Chief Vincent Mann and Nathan Kleinman inspect the seeds of a Ukrainian sunflower. Photo by Barron Bixler
NJ Secretary of Agriculture Visits Princeton’s Seed Farm
Tessa Lowinske Desmond • September 16, 2022
The New Jersey Secretary of Agriculture, Doug Fisher, visited The Seed Farm at Princeton’s Stony Ford Research Station on Wednesday, Sept. 7. Sunflowers were what precipitated the secretary’s visit. Ukrainian sunflowers to be exact. One of the farm partners at The Seed Farm, the Experimental Farm Network led by Nate Kleinman, has long been committed to growing seeds from areas of the world experiencing conflict and wars. When Russia invaded Ukraine this past February, Kleinman did what he often does and culled the USDA GRIN database — the national seed bank — for seeds of Ukrainian origin. Kleinman was worried that farmers in Ukraine could lose a significant amount of their agricultural biodiversity in the face of war, and hopes that his seed experiments might create a bulwark and also inspire other seed farmers to do the same.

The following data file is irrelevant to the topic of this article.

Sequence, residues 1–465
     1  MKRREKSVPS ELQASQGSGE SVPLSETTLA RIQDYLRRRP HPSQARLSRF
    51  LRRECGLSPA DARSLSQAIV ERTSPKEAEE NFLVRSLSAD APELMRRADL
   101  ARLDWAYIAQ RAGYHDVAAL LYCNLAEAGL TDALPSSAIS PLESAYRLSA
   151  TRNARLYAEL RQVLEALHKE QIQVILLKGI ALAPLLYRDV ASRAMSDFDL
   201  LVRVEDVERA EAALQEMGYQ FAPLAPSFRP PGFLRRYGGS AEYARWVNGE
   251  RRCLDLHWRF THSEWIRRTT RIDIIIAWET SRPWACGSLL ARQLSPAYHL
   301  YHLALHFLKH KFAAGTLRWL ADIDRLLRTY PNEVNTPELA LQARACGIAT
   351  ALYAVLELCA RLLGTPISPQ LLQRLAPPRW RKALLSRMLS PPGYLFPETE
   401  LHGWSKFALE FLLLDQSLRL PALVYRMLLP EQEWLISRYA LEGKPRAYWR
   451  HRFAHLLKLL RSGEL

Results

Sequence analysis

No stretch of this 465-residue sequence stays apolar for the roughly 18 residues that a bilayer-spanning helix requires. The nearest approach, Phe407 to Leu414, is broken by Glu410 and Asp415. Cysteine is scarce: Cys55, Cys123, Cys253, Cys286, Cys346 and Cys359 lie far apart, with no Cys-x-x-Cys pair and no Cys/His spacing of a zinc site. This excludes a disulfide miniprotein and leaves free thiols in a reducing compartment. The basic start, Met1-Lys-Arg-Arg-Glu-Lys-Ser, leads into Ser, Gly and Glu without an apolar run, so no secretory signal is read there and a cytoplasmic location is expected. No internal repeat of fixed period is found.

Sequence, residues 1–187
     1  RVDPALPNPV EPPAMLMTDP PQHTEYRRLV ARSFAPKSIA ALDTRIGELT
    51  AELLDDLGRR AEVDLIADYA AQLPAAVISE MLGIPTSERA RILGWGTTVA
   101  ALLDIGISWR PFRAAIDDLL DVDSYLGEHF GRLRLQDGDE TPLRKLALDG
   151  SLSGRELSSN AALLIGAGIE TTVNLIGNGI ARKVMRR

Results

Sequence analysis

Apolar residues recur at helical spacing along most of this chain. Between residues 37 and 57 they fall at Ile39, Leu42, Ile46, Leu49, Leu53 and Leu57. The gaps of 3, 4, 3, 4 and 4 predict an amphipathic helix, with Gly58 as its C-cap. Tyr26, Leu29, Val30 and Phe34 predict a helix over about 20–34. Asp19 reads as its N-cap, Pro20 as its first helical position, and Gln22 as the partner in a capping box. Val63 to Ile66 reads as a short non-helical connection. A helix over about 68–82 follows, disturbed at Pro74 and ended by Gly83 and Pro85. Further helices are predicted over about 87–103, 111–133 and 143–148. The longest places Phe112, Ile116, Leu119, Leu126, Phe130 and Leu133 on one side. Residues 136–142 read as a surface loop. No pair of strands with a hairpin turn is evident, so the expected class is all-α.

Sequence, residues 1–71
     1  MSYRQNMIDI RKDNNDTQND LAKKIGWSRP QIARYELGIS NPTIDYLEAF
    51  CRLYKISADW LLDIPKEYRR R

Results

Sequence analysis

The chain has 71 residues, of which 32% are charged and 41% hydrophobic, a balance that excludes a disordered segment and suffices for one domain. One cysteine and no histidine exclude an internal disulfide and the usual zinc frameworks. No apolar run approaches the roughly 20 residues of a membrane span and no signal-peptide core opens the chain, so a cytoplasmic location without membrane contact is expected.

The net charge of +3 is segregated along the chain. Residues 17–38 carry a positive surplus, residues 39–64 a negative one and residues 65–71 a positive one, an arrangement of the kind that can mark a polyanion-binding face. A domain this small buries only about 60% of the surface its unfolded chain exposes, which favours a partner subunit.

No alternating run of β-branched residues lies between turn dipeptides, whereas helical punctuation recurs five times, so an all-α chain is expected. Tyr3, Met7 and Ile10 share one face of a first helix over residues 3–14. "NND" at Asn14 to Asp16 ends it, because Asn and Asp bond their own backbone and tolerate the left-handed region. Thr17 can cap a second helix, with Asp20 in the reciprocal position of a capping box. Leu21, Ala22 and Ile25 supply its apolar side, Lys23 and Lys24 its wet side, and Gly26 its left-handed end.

Secretary Fisher got wind of Kleinman’s work and asked to see it firsthand. Kleinman works with a number of other farmers, many of whom are also involved in The Seed Farm at Princeton project, including Chief Vincent Mann and Michealine Picaro of the Ramapough Lenape Turtle Clan, Tomia MacQueen of Wildflower Farm, and Nagisa Manabe of River Stoan Farm. This group of farmers, along with Princeton students and faculty, gathered at The Seed Farm for Kleinman’s tour. He showcased melons from Iran, eggplant from Syria, hibiscus from North Korea, gourds from Palestine, and, of course, the Ukrainian sunflowers, among other seed crops. Together the group harvested giant sunflowers heavy with seeds, some of them weighing as much as five pounds. Chief Mann shared with the secretary his dreams for having a certified label for Native American-farmed produce in the state. MacQueen and Manabe talked about challenges facing organic farmers, urban farmers, and farmers of color.
The Seed Farm project aims to bring together seed keepers and farmers to think about questions of repair and mutualism, embodied for us in the three-sisters planting practices of Native Americans in which corn, bean, and squash work together to create an environment of mutualism and reciprocity. This fall members will harvest the first fruits of the project, which began with planting this spring. In the coming weeks, The Seed Farm will launch a website and share opportunities to participate in an open house, workdays, and a harvest festival. In the meantime, follow The Seed Farm on Instagram and check out information about the organizations with whom the farm works via their websites and social media platforms: